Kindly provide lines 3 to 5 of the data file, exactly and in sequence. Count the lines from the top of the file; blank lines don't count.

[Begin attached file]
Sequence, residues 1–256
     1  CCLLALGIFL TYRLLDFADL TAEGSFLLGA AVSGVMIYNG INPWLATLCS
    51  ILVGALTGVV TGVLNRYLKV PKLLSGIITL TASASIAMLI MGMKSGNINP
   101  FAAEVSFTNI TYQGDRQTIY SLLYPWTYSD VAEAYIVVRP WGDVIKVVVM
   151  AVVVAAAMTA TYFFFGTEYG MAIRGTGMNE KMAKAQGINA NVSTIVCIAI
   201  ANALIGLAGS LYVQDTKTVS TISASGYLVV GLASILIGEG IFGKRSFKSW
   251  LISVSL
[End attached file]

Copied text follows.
    51  ILVGALTGVV TGVLNRYLKV PKLLSGIITL TASASIAMLI MGMKSGNINP
   101  FAAEVSFTNI TYQGDRQTIY SLLYPWTYSD VAEAYIVVRP WGDVIKVVVM
   151  AVVVAAAMTA TYFFFGTEYG MAIRGTGMNE KMAKAQGINA NVSTIVCIAI